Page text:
Summary of the Meeting of the National Security Transparency Advisory Group (NS-TAG) - February 17, 2021
Held via Videoconference
- Michèle Audette
- William Baker
- Mary Francoli
- Harpreet Jhinjar
- Thomas Juneau (co-chair)
- Myles Kirvan
- Justin Mohammed
- Bessma Momani
- Dominic Rochon (co-chair)
- Jeffrey Roy
- Members Absent:
- Khadija Cajee
- “Transparency by Design”: Definition, Evaluation and Institutionalization of National Security Transparency – Part Four
Invited Guests and Speakers:
- Yasmine Ahmed – UK Director at Human Rights Watch
- Victoria Walker – Assistant Director of the Geneva Centre for Security Sector Governance (DCAF), and Head of DCAF’s International Security Sector Advisory Team
National Security Community Members Present (as observers):
Canada Revenue Agency, Civilian Review and Complaints Commission for the Royal Canadian Mounted Police, Communications Security Establishment, Global Affairs Canada, Immigration, Refugees and Citizenship Canada, Public Safety Canada, Royal Canadian Mounted Police.
- Opening of the Meeting and Roll Call
- Discussion Session with Guests: “Transparency by Design”: Definition, Evaluation and Institutionalization of National Security Transparency – Part IV
- Discussion on the Year Two First Report
- Information Updates and Closing Remarks
The eighth virtual NS-TAG meeting took place on February 17, 2021, on the theme, “Transparency by Design: Definition, Evaluation and Institutionalization of National Security Transparency – Part IV.” During the first session of the meeting, the two guest speakers discussed: access to information, the duty of candor, digital technologies and data, culture change and challenges related to measurement and key indicators, as well as some of the areas where transparency could be improved. During the second session, NS-TAG members briefly exchanged on the approach to their next report and its outline. For the last item of the meeting agenda, the Secretariat updated members on various organizational matters.
Key Takeaways of the Discussion with Guests:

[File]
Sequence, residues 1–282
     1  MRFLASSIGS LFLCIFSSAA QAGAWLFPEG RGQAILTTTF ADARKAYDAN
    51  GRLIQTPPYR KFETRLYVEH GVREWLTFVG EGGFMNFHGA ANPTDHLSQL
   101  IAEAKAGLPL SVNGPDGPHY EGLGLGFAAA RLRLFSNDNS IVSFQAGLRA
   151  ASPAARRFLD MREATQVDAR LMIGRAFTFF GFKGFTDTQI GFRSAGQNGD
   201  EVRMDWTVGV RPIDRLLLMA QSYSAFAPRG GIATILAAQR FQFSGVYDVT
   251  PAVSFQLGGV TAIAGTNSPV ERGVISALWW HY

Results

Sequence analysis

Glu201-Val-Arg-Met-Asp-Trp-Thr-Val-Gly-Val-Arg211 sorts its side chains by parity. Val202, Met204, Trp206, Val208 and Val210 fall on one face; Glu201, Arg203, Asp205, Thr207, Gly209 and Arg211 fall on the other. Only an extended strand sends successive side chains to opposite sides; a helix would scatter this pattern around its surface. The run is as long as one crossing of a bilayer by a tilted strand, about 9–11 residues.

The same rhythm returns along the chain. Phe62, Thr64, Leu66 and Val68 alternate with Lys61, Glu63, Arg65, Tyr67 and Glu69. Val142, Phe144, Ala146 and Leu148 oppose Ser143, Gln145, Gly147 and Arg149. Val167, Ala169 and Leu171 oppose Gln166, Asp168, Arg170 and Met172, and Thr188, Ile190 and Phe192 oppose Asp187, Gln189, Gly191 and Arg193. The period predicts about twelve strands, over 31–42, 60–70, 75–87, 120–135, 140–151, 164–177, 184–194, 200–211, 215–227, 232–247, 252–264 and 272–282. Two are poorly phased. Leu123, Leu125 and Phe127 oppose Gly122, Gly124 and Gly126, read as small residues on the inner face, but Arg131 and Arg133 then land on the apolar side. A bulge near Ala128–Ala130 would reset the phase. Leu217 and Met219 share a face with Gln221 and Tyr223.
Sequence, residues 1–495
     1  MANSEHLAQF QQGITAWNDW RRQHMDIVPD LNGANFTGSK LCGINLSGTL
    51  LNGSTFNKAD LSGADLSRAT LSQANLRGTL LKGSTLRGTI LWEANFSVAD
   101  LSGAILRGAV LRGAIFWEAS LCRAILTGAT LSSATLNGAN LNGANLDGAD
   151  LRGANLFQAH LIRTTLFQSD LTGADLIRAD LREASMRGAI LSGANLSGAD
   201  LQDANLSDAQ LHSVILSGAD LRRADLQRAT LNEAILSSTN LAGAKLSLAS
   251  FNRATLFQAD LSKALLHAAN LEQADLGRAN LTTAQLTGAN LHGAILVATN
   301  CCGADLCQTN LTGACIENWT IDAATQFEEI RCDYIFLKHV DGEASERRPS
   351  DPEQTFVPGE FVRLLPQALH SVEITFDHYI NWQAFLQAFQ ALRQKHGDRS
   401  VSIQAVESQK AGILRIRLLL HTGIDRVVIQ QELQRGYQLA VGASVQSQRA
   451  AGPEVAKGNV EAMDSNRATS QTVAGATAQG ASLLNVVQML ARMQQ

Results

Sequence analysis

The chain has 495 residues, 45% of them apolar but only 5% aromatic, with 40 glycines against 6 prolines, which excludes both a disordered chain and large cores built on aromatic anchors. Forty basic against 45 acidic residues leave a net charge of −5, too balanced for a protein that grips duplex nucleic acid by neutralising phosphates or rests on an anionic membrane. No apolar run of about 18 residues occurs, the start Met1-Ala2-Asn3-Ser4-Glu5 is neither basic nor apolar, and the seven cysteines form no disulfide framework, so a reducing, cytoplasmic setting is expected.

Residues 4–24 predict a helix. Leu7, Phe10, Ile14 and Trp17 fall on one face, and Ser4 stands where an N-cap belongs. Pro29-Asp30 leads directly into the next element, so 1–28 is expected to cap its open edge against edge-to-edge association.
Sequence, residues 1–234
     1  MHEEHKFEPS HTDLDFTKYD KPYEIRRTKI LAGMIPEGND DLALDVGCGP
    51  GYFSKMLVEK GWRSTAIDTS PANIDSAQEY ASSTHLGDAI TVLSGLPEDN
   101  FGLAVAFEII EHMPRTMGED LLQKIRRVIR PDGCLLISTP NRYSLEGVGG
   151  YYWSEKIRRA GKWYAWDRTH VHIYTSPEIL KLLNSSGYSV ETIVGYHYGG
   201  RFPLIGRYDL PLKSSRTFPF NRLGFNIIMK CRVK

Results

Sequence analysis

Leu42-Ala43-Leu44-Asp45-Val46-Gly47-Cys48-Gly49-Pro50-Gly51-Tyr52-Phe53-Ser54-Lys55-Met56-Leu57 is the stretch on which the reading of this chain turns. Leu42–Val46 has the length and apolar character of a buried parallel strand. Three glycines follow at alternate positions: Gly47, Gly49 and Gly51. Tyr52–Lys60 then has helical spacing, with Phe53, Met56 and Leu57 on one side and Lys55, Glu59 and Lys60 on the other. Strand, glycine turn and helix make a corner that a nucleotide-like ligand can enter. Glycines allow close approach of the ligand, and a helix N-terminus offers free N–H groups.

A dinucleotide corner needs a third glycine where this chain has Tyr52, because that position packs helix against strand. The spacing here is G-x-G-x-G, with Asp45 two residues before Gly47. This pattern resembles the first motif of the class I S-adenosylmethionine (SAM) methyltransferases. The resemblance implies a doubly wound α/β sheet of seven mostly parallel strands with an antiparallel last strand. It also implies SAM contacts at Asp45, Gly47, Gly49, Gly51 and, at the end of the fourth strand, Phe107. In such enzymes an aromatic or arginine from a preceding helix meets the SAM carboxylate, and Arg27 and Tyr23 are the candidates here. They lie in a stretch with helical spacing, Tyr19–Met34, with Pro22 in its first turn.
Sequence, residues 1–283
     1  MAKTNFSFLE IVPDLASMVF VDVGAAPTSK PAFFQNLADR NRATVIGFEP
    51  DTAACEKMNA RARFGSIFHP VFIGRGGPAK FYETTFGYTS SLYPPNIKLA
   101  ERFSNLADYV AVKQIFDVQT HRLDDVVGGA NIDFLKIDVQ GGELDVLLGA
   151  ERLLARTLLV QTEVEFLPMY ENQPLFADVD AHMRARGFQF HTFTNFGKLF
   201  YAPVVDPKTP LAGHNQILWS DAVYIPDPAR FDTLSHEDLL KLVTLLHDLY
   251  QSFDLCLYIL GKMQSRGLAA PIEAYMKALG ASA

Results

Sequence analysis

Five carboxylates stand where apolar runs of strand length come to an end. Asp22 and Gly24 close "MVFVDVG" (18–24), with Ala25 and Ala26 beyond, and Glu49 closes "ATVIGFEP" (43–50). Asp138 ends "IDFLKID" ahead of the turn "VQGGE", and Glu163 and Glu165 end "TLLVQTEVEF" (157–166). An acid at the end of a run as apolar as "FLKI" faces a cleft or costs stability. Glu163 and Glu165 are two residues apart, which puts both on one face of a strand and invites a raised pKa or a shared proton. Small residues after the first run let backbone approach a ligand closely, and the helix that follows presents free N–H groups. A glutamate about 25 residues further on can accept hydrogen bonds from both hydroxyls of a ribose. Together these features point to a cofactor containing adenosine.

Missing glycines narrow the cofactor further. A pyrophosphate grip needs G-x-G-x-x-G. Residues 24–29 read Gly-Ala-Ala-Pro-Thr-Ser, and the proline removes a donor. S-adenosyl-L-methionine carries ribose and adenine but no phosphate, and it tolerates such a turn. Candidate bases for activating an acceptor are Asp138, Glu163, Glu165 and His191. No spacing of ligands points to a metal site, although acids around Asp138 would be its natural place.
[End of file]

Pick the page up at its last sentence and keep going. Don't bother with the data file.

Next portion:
- Trust in institutions and governments is needed for effective counter-terrorism and security policies in our democracies. This includes a public understanding of how governments make their decisions.
- To bring about a culture shift, change has to be invested in and promoted from the top. Members of security organizations need to be held accountable on key values. Active and thorough engagement with communities, proactive information sharing and the provision of effective redress processes are also crucial to promoting a cultural transformation on the issue of transparency. Processes have to be explained to the public in an intelligible way and funding has to be allocated to support partnerships and consultations. There has to be a feedback loop - when people and communities do not hear back after engaging with government officials, it decreases trust. Impediments and incentives to culture change should be mapped.
- Transparency is needed both in programs to prevent violent extremism and in counter-terrorism policing. This includes how data on people within particular communities is collected, shared and stored. It can also be about the opaque use of data and algorithms in predictive policing and policing resource allocation. Lack of clarity can undermine trust and hamper close collaboration with certain communities.
- Public information should be available on the integrity of storage and use of algorithms. Artificial intelligence should not be a means of hiding accountability. Ethical safeguards and traceability should always be identified. For the policing and justice services, issues of fairness and non-discrimination are critical in the development of AI systems. Hidden biases exist in algorithms and in system designs. Technologies can be a means of enhancing transparency. For example, AI can be used to film interactions with national security personnel.
- Loose definitions of information that can be redacted hampers transparency and access to information processes. Further, it is important to ensure that oversight bodies are given robust powers and abilities to see relevant evidence and challenge decisions regarding information that could be made public but is being redacted. The national security community should actively seek ways to release information and take a more proactive rather than a reactive and protective stance. Strategies to disaggregate information could lead to more information being released to the public.
- There are obstacles in improving transparency in the context of legal proceedings. To help improve the situation, record-keeping should be improved, especially to capture information as situations or events happen or evolve. Organizations also need to be sufficiently resourced to meet transparency and disclosure obligations.
- The establishment of measurement tools and key indicators is crucial to enhance transparency. The process of establishing these tools is in itself a form of oversight; it naturally expands access to information and provides an institutional memory of processes and decisions. Involving stakeholders in defining metrics helps scope possible areas of change.
- Indicators should be concrete and tailored to the desired outcome/change. Examples of indicators could include: the number of complaints resolved, number of code of conduct breeches and the percentage of policies developed with stakeholder input.
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